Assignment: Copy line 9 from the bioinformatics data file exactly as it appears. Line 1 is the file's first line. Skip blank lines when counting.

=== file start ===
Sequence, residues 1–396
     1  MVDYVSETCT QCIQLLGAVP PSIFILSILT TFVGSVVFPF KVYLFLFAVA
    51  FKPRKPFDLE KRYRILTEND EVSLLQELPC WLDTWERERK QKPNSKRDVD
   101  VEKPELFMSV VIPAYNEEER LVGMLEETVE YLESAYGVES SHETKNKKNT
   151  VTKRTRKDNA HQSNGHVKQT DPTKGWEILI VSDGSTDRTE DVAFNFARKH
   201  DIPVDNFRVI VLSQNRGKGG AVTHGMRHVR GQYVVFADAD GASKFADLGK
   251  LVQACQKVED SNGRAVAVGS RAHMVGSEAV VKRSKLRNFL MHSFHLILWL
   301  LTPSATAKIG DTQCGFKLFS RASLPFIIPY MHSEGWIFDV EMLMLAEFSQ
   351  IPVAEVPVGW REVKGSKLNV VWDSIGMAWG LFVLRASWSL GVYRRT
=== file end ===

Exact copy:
   351  IPVAEVPVGW REVKGSKLNV VWDSIGMAWG LFVLRASWSL GVYRRT